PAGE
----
Charlie_in_LA said...

When I purchased a house in Phoenix in 2004, there was a mix up and delay when IndyMac bought my loan from the builder. As I was making payments to the builder, I started to get collections calls, from persons with heavy accents from India. Yes, collection calls from India. If there is a staff build up for collections, it would problaby be in India and not here in the states.

Anonymous said...

why would a bank loan funds to someone who it suspects will not be able to pay the loan off? i realize it is all just computerized numbers on a page, but, my question is i guess, are we at the end of the building boom that started after ww2? it would appear that the home building companies have run out of responsible buyers to purchase their homes that they build on spec, etc. what does this mean? it means the middle class is dying. the middle class is disappearing. the middle class is swamped with bills and debts as it works overtime to try and pay for the everyday needs of living. these people who bought these homes were apartment dwellers for the most part, who should never have been allowed to buy homes. so i ask. why were they allowed to do this at this time? what is the real purpose of this? they couch it all in the vanacular of trying to help the poor establish themselves as home owners and participate in the american dream. but the fact is that many cannot and will never be able to , buy and pay for a home. it is not their fault more or less. the jobs in this country do not pay that well. the illegals continue to come over the border at a rapid pace. the manufacturing jobs have for the most part, already disappeared. it is dusk in the day of america now. the sun is going down. and instead of addressing this problem, we watch baseball, go out and eat, watch stupid movies and pretend we are free. we have become a sorry lot. our founding fathers would have been very disappointed in us as a nation and a people.

Bitter Renter said...

To be fair, most private employees in a capitalist system, especially those who work for corporations, are aiding a corrupt system. Very few escape being tainted. You can trace almost any corporate endeavor or occupation back to something awful.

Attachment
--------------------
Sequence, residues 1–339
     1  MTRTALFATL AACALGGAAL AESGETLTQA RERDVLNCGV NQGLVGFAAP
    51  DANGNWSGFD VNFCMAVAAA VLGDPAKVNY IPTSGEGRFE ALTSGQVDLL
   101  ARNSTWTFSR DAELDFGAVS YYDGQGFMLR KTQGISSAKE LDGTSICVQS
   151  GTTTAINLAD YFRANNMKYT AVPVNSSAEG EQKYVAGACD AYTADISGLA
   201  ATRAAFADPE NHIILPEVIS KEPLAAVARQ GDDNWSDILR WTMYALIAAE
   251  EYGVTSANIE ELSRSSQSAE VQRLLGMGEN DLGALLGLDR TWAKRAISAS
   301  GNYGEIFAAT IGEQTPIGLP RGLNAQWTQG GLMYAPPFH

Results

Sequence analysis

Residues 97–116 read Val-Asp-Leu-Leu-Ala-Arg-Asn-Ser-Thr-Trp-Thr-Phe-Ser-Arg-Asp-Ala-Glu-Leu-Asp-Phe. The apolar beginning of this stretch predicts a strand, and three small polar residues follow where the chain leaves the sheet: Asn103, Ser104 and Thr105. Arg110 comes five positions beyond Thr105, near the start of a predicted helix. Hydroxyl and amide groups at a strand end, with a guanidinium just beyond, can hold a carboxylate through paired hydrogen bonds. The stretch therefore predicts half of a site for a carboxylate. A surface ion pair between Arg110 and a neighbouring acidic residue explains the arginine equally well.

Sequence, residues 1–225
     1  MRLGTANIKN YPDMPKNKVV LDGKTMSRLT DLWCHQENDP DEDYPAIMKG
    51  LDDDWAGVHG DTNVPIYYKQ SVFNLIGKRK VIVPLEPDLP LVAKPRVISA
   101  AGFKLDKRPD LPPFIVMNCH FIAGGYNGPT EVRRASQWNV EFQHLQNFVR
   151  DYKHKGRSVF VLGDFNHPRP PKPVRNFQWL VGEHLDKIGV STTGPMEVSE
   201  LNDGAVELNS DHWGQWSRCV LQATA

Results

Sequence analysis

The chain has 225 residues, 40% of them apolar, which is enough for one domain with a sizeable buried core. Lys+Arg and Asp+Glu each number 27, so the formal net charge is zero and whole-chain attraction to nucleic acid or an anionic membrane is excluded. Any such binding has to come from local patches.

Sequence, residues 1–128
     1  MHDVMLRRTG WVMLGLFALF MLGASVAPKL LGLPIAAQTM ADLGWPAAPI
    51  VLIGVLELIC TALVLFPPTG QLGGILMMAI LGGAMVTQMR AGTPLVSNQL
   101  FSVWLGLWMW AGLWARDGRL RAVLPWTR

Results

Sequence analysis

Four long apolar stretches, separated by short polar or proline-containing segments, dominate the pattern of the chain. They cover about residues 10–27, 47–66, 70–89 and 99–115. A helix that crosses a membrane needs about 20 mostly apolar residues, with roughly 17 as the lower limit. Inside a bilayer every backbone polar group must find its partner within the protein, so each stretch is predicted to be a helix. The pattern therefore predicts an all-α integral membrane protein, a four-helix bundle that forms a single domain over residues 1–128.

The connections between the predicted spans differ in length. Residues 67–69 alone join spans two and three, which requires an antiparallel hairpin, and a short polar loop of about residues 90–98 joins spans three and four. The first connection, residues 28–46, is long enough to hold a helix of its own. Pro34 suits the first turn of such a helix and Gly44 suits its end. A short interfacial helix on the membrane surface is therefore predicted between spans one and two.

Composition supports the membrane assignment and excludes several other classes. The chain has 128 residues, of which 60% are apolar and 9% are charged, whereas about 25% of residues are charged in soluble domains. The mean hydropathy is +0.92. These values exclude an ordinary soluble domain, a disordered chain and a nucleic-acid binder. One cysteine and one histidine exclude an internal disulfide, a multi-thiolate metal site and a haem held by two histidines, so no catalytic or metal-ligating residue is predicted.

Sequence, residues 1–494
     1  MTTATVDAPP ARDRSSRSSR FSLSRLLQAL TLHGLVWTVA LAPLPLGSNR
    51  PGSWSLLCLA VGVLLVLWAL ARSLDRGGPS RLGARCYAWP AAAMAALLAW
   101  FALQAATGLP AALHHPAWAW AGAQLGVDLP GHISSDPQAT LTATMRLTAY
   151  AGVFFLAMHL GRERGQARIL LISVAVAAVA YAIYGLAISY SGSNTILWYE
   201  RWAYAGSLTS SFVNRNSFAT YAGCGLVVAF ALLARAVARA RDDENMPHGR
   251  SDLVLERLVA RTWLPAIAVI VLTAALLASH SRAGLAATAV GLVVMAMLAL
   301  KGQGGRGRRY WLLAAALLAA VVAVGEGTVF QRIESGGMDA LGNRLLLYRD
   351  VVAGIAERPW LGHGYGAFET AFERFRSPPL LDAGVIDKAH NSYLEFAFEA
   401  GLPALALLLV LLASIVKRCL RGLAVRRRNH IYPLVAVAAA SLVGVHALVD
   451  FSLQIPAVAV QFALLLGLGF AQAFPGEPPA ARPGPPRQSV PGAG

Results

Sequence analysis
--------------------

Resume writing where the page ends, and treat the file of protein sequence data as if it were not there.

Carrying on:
No one wants to believe that their livelihood comes from misery, destruction or exploitation but they almost all do.

Anonymous said...

>>>>The first thing that I noticed is that you mentioned only the negatives of the article. Why don't you also quote what Ramirez said about "Indymac is grabbing marketshare as competitors go out of business"...or..."If they survive, Indymac will be in great shape." He also hinted at the fact that because of our access to capital we have a good chance at making it through.

As an employee of Indymac I think your post is highly inaccurate and unsupportive. I am a strong housing bear and I believe that we are in for some very rough times. The fact is, as a highly regulated FSB,investors will conitue to pay a premium for our loans. Indymac also does construction loans, commercial loans and investments. We have over 2 billion in liquid cash my friend.

Your post is indicative of a brash, uninformed soul that only cares about getting his point across. Why don't you post a link so readers can read the entire article and choose for themselves???<<<

instead of trolling on this blog, shouldn't you be looking for another job?..

Magoo said...

"Buyers who take out Alt-A loans are supposedly less risky, but they submit little documentation to prove it."

As sound bites go, this is a beautiful way to describe Alt-A.

Anonymous said...

I didn't realize that the title linked to the article.

It also seems like an insider posts insode info. I can confirm that 4% of the workforce was laid off today. Our company is taking necessary steps to insure its profitability.

I think it is pretty rude and unconscionable to assume that all Indymac Bank employees are liars. Your random, grossly inaccurate classification of human beings that you don't even know strips the power from your argument.

Where did you get the stat that 8% of our loans are delinquent?

Indymac doesn't sell loans to Bear Stearns. What you don't know is that for the last 6 months we've been streamlining our ARMS into fixed rate loans at no cost. Not a refi but a note modification and the secondary market is eating it up.